Apple said to be hogging metal chassis supply

Metal enclosures are in high demand these days, and it’s no secret why. PC laptops are shedding their flimsy plastic shells and replacing them with unibody aluminum cases, taking cues from Apple’s MacBook lineup. There’s just one little problem: according to DigiTimes, Apple is hogging metal chassis supply and causing shortages.

Quoting “sources from upstream supply chain,” DigiTimes says Apple “currently has booked up most of the capacity from makers.” The site adds that the two biggest suppliers—Catcher Technology and Foxconn—are “aggressively” ramping up capacity by installing new CNC milling machines. However, DigiTimes claims supply isn’t going to catch up to demand until the end of this year.

That’s probably bad news for ultrabook makers, since metal seems to be an especially popular construction material among the new wave of ultra-thin, ultra-light MacBook Air lookalikes. But it’s probably good news for Apple, which seems to be once again throwing its weight around to secure aggressive supply agreements. Considering the Mac maker’s soaring revenues, ever-growing market share, and preposterous cash balance, I wouldn’t be surprised if even large PC makers were having trouble getting the same royal treatment from suppliers.

PC ultrabooks don’t have to be made out of aluminum, though. As we learned earlier this year, Intel is pushing fiberglass-reinforced plastic enclosures that are purportedly just as tough as metal ones. The reference Ivy Bridge ultrabook we reviewed back in May was apparently made from some kind of souped-up plastic, too, and it felt surprisingly solid and resilient despite lacking a metal exterior. However, the system didn’t feel as slick or as refined as a MacBook Air—or even Asus’ Zenbook UX31.

Comments closed
    • anotherengineer
    • 7 years ago

    Lies

    There are plenty of shops and aluminum in the world.

    Just because foxconn is short on cnc machines doesn’t mean apple is hogging the chasis.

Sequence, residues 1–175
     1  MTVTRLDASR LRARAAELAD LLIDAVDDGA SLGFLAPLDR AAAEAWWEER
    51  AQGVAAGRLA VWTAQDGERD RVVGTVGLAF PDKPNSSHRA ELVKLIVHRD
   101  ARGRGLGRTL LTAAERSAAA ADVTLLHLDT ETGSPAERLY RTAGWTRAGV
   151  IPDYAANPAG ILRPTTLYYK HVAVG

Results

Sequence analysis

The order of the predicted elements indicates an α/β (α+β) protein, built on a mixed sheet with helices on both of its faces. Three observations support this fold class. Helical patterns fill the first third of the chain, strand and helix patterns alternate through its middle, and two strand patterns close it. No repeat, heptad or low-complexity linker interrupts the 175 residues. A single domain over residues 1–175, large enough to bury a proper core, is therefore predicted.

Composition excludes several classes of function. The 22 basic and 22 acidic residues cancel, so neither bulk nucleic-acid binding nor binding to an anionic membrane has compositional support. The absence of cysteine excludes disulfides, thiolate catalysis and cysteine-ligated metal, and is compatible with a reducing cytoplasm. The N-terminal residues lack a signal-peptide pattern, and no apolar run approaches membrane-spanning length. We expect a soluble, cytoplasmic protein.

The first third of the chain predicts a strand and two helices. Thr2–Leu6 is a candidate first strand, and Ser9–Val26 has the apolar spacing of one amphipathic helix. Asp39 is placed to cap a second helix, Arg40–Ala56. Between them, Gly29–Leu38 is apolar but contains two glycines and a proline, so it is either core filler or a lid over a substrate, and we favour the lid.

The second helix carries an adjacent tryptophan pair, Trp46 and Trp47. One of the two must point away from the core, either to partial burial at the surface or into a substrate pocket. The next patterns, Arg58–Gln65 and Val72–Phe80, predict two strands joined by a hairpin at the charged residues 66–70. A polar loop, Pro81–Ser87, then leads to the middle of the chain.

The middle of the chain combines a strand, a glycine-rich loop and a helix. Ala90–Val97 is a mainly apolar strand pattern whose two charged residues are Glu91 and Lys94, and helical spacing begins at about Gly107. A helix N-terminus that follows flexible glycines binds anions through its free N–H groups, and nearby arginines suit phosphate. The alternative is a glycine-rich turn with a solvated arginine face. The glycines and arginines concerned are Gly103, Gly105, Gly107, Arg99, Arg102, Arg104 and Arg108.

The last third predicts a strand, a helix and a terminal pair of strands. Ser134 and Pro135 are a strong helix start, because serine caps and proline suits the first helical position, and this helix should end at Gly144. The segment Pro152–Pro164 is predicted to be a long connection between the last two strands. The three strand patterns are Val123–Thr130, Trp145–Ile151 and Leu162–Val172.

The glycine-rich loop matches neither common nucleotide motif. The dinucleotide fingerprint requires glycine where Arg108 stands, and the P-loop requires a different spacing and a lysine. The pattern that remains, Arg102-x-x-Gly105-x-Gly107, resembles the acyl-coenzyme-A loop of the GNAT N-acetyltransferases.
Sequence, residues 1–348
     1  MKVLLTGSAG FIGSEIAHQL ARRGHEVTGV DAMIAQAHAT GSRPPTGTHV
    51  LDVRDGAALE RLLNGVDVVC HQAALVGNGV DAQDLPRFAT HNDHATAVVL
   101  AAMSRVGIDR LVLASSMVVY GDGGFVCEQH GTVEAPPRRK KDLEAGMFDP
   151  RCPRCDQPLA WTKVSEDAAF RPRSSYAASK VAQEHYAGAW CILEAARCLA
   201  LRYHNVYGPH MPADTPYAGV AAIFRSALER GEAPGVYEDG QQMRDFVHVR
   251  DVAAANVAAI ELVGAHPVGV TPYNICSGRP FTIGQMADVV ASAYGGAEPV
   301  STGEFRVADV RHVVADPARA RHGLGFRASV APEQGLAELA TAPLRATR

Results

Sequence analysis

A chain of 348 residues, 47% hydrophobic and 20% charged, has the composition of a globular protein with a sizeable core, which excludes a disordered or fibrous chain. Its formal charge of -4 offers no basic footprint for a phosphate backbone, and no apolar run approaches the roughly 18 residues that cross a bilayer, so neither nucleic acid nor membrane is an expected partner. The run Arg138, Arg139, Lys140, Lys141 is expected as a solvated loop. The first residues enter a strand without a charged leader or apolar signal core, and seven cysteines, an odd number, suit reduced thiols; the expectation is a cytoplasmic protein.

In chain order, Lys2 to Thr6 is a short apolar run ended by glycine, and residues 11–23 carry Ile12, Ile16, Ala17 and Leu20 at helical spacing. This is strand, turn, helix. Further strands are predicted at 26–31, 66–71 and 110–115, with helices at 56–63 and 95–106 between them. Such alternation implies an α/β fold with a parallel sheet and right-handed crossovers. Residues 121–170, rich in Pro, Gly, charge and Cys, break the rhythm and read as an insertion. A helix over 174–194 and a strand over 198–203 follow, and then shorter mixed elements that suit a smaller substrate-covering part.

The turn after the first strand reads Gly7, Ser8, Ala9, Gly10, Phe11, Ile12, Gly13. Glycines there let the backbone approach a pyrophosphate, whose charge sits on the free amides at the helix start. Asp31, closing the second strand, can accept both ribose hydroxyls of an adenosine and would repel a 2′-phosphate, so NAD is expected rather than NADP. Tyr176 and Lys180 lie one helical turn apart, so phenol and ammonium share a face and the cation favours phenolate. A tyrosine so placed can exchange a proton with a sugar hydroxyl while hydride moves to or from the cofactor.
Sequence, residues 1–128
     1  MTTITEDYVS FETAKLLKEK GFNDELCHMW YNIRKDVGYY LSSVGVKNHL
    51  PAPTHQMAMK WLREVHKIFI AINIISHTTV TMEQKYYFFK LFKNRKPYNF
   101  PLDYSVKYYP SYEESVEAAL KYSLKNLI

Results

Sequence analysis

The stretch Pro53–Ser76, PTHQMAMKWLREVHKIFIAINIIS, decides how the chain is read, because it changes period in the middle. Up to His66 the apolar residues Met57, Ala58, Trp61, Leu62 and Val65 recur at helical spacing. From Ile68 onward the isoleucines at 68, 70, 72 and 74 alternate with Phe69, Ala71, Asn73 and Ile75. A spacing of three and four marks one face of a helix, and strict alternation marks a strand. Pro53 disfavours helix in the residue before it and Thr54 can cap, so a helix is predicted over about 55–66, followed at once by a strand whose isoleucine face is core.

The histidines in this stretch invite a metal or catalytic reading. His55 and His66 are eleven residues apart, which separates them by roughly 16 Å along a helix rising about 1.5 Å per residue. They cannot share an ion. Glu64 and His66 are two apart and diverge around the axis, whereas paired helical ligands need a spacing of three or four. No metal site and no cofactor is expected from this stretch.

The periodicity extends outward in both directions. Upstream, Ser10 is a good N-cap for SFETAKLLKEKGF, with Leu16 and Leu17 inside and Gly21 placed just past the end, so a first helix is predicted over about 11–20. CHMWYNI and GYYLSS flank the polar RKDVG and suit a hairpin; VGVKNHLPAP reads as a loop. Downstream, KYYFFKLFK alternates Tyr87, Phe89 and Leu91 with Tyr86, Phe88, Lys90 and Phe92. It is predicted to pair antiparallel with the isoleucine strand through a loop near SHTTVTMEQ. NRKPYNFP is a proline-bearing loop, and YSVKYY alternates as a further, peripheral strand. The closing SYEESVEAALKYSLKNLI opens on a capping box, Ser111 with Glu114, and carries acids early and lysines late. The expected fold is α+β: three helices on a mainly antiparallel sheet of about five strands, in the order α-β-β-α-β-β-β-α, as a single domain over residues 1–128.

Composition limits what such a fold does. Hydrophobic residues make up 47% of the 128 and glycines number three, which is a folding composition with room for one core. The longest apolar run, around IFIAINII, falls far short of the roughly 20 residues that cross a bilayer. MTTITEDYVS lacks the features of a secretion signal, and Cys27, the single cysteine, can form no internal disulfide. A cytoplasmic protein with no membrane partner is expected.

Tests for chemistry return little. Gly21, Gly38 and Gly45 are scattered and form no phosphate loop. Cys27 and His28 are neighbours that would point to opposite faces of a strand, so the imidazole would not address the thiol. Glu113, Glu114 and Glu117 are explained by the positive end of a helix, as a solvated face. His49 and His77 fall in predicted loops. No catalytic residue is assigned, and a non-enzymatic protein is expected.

Correct title should read there isn’t enough cnc machines in foxconn to keep up with metal chasis demand.

    If HP offers double the amount of $$ for an Al chasis than apple did and they have no contract with apple, then mac would be in short supply or plastic or they would be made else where.

      • JustAnEngineer
      • 7 years ago

      [url<]http://news.yahoo.com/rights-group-says-apple-suppliers-china-breaking-labor-090539283--sector.html[/url<]

    • Wirko
    • 7 years ago

    What’s wrong with cast aluminium anyway? Is it so much inferior in terms of strength that it’s unusable for a notebook chassis?

      • Deanjo
      • 7 years ago

      It would be very hard to cast and stay within the tight tolerances required to create a laptop. If it was cast, you would more then likely have to machine the cast part as well to get it within spec and at that point you might as well machined it completely from a block.

        • Wirko
        • 7 years ago

        It’s also possible that some combination of casting and machining is used. Machining from a rectangular block takes a lot of time; starting with a part that is approximately the required shape should be several times faster. If your manufacturing capacities are limited by your CNC capacities, you certainly explore all the options.